Let's take Royal Mail into public hands - make your voice heard now

When Royal Mail was privatised in 2013, the public was promised that privatisation would make the service more sustainable for the future.

After a decade of privatisation, Royal Mail is in crisis. Despite making huge profits in 2021, the company has made huge losses in the last few years.

Now the regulator, Ofcom, wants to water down Royal Mail's "universal service obligation", which is the company's mandate to deliver letters to every house in Britain, at the same price and within a set time.

But first, Ofcom is asking for the public's views on this plan.

This is a big opportunity for you to demand that Royal Mail be taken back into public ownership. 

In the past 2 years, We Own It supporters have helped force government U-turns on Channel 4 sell-off and the closure of our railway ticket offices by responding to public consultations in huge numbers. We know this makes a big difference.

The consultation closes at 5pm on Wednesday 3rd April. You can read more about the consultation on Ofcom's website HERE.

Can you take 5 minutes or less to respond to the public consultation by following these quick steps?

Respond to the consultation in 6 simple steps:

1. Start a new email

2. Insert Ofcom's consultation email address as the recipient (this is the email address your response is going to) - futurepostaluso@ofcom.org.uk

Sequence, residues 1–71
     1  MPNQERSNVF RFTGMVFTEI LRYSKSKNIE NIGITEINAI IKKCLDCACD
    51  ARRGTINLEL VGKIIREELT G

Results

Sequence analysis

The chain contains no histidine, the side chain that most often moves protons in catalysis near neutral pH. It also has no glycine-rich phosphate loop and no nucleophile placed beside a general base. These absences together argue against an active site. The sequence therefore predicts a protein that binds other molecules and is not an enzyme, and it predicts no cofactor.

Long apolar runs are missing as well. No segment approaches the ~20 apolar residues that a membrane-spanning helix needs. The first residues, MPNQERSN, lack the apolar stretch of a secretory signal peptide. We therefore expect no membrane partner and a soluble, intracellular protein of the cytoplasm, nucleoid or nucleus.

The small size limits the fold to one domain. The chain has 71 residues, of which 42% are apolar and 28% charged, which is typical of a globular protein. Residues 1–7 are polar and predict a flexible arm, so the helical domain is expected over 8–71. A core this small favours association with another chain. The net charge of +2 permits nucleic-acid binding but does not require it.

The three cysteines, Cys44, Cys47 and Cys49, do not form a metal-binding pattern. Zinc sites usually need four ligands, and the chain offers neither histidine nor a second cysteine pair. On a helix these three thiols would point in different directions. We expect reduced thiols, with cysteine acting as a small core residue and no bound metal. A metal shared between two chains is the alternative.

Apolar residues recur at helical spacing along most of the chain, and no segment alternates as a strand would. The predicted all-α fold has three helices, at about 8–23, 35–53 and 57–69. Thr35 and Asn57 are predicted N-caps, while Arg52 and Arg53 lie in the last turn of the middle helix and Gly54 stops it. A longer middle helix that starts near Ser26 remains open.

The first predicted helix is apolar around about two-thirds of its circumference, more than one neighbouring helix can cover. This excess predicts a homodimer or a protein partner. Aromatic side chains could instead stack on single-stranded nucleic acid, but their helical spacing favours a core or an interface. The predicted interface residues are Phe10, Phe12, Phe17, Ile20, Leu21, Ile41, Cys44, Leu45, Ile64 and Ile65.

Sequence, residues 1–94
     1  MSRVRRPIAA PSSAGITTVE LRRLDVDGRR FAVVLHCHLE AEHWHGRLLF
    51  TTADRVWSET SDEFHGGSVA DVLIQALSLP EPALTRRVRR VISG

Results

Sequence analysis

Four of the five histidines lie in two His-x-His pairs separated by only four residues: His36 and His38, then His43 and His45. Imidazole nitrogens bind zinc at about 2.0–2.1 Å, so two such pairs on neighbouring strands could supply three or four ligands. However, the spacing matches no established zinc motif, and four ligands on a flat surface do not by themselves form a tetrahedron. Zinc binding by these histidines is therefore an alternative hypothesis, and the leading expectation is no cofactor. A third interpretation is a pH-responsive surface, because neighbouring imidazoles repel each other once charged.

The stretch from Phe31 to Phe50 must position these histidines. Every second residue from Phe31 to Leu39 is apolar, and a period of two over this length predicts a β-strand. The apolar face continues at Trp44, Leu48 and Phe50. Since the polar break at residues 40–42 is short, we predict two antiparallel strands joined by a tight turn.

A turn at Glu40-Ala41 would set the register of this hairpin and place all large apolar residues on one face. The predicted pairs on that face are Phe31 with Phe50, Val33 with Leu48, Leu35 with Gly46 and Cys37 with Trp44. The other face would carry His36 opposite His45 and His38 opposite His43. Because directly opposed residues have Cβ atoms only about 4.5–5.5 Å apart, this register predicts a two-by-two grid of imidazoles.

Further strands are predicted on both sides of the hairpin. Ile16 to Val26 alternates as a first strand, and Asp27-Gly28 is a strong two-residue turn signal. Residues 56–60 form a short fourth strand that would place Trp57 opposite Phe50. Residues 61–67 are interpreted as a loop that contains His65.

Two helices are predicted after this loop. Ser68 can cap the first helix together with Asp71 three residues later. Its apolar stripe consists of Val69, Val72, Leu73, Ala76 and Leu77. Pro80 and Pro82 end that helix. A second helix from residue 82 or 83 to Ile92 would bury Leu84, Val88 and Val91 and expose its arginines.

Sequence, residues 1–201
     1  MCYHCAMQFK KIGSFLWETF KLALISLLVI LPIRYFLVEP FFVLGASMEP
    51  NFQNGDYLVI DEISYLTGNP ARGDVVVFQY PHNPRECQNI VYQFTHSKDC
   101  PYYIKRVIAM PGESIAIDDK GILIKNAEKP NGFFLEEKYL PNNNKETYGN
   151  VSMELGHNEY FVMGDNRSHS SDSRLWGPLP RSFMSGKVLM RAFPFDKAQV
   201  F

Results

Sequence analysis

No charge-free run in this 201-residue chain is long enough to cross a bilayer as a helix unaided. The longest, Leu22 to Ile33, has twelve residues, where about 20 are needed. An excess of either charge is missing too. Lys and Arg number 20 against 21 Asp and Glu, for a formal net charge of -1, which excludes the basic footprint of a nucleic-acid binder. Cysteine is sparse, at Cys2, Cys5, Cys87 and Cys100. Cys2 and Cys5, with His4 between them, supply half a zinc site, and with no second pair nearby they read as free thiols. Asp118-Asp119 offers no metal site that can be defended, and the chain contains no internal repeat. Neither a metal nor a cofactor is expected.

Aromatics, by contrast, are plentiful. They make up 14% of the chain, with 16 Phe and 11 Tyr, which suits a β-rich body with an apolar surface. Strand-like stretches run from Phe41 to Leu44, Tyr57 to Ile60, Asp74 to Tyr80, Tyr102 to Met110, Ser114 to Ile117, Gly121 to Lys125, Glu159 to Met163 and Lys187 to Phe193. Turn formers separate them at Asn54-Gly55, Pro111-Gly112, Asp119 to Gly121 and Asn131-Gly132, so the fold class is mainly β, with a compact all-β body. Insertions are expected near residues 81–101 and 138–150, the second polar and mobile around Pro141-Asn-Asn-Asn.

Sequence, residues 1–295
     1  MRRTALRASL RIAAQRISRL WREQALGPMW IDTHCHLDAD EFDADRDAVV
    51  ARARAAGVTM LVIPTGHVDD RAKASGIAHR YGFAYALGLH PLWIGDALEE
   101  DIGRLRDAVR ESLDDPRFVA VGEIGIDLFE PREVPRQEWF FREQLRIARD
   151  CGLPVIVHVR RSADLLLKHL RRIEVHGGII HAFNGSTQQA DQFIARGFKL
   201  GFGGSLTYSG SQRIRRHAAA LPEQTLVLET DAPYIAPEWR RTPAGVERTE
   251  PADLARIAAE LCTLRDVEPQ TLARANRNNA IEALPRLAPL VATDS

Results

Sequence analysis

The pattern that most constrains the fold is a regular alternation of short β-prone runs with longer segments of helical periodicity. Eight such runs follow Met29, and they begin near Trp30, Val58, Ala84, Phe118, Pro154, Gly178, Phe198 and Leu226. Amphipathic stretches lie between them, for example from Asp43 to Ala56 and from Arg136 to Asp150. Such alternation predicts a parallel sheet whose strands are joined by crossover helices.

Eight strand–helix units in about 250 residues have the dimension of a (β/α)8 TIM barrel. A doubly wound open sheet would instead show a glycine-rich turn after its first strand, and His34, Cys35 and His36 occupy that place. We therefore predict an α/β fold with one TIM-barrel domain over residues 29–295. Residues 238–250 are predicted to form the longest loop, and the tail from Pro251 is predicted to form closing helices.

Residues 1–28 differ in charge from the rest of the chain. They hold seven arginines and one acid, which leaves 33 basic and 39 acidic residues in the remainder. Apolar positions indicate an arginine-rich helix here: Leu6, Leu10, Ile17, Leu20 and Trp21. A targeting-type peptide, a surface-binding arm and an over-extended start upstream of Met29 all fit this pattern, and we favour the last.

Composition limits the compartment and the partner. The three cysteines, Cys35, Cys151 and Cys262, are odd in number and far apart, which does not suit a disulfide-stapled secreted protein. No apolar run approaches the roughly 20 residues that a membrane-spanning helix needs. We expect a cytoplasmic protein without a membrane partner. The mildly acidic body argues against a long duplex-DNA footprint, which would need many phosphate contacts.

3. Insert the email subject (this helps them know immediately what your email is about) - "The future of the universal postal service"

4. Copy and paste this short form to the top of your email body and fill it out (this helps Ofcom know this submission is coming from a real person):

Full name:

Contact phone number:

Representing: Self

Email address:

5. Copy and paste the proposed consultation response below (copy and paste both the questions and proposed answers) into the body of your email - you may choose to answer those questions in your own words if you want to

6. Click "send" to submit your consultation response

Proposed consultation response:

The consultation has 10 questions, but only the two below are relevant to our demand for Royal Mail to be taken into public ownership. You may choose to use your own words in responding to these questions in your email to Ofcom. 

8. Do you agree with our analysis of the different options available to change the USO and the impact of those changes on residential (including vulnerable) users, SMEs and bulk mail users? If not, please explain why and set out any option(s) which we have not considered.

Answer: NO

Royal Mail was sold off on the cheap in 2013. The National Audit Office found the government could have received at least £750 million more for the company than it got.

The sell-off of Royal Mail came after the 2010 government-commissioned Hooper Review identified the decline in letters, as undermining the sustainability of the service. Privatisation and private investment were supposed to fix these issues.